My argument is that structural changes have occurred in the president-presspublic sector of the political system, what I will call the presidential news system. These structural changes began to emerge in the mid to late 1970s, fully embedding into the body politic by the 1990s. Because of these changes, news and public opinion about the president decoupled. In other words, news reporting about the president lost some of its ability to shape public opinion toward the president. If this structural argument is correct, then Bill Clinton’s experience in 1998 is not an isolated case, but merely an extreme example of the nature of the relationship among the president, the press, and the public in the 1990s.

Figure 1.5, already noted, plots two series that will help sort out the relationship between presidential news and public opinion. The first series plots the percentage of negative news stories about the president as reported in the New York Times from 1949 to 1992.12 The second series plots the president’s annual approval level from the Gallup poll. There are important limitations in using these data. First, the news tone data end with 1992. Thus we cannot say much about the years following 1992. But it appears safe to assume that the processes that changed the relationship between news and approval, which began in the 1970s, are likely still present, and perhaps more firmly embedded in the political system after 1992 than before. Second, and perhaps more important, the data are highly aggregated. Thus we cannot be very precise about the relationship between news tone and presidential approval. But still these data allow us to see if the two series are related as one would expect.

Our simple expectation is that the higher the volume of negative news, the lower the president’s approval (Brody 1991). Visual inspection of the two series reveal that the two tend to diverge for the first half of the series, but sometime in the mid to late 1970s, negative news and approval began to track together. Across the 1950s and 1960s and into the 1970s, when presidential approval is high, negative news is low, and visa versa. After the mid 1970s, except for a few time points, like 1987 (Iran-Contra), when presidential approval moves up, so does the percentage of negative news.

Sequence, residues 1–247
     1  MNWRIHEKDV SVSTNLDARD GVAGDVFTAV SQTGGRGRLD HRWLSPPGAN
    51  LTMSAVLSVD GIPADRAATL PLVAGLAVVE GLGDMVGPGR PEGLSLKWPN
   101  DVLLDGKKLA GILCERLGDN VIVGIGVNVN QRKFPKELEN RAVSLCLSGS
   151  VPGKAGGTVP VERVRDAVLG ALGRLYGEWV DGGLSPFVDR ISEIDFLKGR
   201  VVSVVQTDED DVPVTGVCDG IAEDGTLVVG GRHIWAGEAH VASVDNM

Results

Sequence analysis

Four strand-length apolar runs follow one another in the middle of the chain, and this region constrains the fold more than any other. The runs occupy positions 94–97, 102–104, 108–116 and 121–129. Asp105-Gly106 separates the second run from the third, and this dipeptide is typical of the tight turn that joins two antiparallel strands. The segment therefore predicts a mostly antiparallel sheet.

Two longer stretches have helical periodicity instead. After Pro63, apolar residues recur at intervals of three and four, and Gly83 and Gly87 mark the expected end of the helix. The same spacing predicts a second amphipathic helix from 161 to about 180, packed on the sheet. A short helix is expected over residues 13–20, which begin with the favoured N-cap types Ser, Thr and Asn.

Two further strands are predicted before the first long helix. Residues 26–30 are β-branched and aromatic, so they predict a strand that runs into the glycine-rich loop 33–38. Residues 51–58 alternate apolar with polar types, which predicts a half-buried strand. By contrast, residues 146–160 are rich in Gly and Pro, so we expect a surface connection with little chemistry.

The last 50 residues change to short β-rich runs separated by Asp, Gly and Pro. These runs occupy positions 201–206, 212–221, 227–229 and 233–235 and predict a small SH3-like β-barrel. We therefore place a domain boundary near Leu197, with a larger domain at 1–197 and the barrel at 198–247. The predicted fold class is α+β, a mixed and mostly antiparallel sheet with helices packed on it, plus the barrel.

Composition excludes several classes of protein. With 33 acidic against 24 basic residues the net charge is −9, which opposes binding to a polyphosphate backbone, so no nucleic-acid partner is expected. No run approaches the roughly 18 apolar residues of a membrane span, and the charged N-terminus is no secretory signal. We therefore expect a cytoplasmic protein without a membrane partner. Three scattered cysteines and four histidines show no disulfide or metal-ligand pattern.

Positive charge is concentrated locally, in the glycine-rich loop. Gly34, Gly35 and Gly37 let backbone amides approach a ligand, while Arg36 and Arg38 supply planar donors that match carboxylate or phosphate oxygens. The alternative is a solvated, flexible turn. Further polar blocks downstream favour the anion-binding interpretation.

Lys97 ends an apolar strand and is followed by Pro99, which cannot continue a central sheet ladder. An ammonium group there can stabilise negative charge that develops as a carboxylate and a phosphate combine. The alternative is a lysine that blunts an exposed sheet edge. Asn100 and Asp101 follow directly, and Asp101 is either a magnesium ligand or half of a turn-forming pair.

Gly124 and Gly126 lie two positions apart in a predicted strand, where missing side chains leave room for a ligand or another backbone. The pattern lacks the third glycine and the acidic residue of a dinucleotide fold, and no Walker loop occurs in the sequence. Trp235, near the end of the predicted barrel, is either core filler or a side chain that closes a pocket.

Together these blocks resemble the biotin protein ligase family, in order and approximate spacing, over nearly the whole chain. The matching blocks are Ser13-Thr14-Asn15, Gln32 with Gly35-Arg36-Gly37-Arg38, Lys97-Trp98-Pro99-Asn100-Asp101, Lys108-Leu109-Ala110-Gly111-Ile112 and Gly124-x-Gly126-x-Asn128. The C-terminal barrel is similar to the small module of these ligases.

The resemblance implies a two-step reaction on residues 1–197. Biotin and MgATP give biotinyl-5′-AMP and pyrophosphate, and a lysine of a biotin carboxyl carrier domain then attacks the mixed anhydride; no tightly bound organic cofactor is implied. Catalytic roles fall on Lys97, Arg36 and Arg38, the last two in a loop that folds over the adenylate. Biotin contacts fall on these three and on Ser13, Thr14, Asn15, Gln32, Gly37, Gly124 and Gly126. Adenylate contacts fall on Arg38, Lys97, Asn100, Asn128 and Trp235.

Visual inspection is fraught with all sorts of problems, although it is useful in providing a feel or sense of the data. Regression analysis reveals that the two series are, as one would expect, negatively related.13 Based on the regression analysis, each 1 percentage increase in negative news will lower the president’s approval rating by about 0.4 percent. This result is statistically significant and indicates that approval is highly responsive to news tone. But when we bisect the series into two subperiods, 1949–76 and 1977–92, the relationship between news tone and approval differs. Figure 1.6 plots presidential news tone and approval, separating the two periods. Filled diamonds represent the 1949–76 years, while white boxes represent the 1977–92 years.14 Separate regression lines for each time segment are overlaid in the figure.

From 1949 through 1976, negative news clearly depresses presidential approval. The two series are correlated at −0.56 (p = .00) and the regression line slopes downward sharply. Regression analysis indicates that each 1 percentage point increase in negative news leads to a 0.66 percentage point loss in presidential approval. This simple relationship accounts for nearly one-third of the variance in presidential approval. News tone for these years varies from a low of about 5 to a high of 55. This fifty-point range in negative news tone can account for as much as a 33 percentage point shift in presidential approval(50 * 0.66 = 33). A change of one standard deviation in negative news tone (9.6) translates into about a 6.4 percentage point shift in presidential approval. The average yearly shift, however, is quite small at 0.4 percentage points. Still there are some large year-to-year shifts in news tone (1972–73, 1974–75). Thus while year-to-year shifts in presidential news tone tend to be small in this early period, occasionally massive changes in news tone do occur. By all accounts, presidential approval, even highly aggregated into annual units, appears quite sensitive to the tone of presidential news, again highly aggregated.

The relationship between approval and news tone for 1977–92 differs. Figure 1.6 indicates relatively little impact of news tone on approval. The regression line is flat (b = 0.31, t = 1.10). Moreover the two series correlate at 0.28, which is not significant (p = 0.28), and only a small amount of the variance is accounted for when regressing approval on news tone.15 In contrast to the strong impact of news tone on presidential approval in the pre-1977 era, from 1977 to 1992 news tone appears to have no impact on presidential approval. Strangely, if we remove 1987 from the analysis, the year that the Iran-Contra scandal became public and began to affect public opinion toward Ronald Reagan, we find a strong positive relationship between the amount of negative news and presidential approval, just the opposite of what one would expect. The regression slope is 0.90 without 1987 included, which is statistically significant (p = 0.02) despite the small n (15) and accounts for about one-third of the variance in approval (equation F = 6.65, probability of F = 0.02). It makes little sense to argue that bad news about the president lifts his approval. Instead, it appears that bad news during the years since about 1977 has little impact on presidential approval, except under certain circumstances.16